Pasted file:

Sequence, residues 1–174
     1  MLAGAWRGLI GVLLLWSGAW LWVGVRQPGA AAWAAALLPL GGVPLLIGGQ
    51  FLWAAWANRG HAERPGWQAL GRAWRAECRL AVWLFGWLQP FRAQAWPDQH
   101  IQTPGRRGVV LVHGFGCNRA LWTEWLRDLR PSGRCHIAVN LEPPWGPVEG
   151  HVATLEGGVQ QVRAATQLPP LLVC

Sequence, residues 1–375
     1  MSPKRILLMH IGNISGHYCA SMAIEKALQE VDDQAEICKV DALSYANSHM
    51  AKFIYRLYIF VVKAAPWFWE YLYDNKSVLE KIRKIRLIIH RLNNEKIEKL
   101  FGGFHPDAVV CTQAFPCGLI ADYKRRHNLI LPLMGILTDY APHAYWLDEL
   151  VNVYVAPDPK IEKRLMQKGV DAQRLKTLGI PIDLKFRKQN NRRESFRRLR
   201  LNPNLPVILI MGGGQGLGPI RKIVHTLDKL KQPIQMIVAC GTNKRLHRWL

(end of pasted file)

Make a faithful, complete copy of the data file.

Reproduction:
Sequence, residues 1–174
     1  MLAGAWRGLI GVLLLWSGAW LWVGVRQPGA AAWAAALLPL GGVPLLIGGQ
    51  FLWAAWANRG HAERPGWQAL GRAWRAECRL AVWLFGWLQP FRAQAWPDQH
   101  IQTPGRRGVV LVHGFGCNRA LWTEWLRDLR PSGRCHIAVN LEPPWGPVEG
   151  HVATLEGGVQ QVRAATQLPP LLVC

Sequence, residues 1–375
     1  MSPKRILLMH IGNISGHYCA SMAIEKALQE VDDQAEICKV DALSYANSHM
    51  AKFIYRLYIF VVKAAPWFWE YLYDNKSVLE KIRKIRLIIH RLNNEKIEKL
   101  FGGFHPDAVV CTQAFPCGLI ADYKRRHNLI LPLMGILTDY APHAYWLDEL
   151  VNVYVAPDPK IEKRLMQKGV DAQRLKTLGI PIDLKFRKQN NRRESFRRLR
   201  LNPNLPVILI MGGGQGLGPI RKIVHTLDKL KQPIQMIVAC GTNKRLHRWL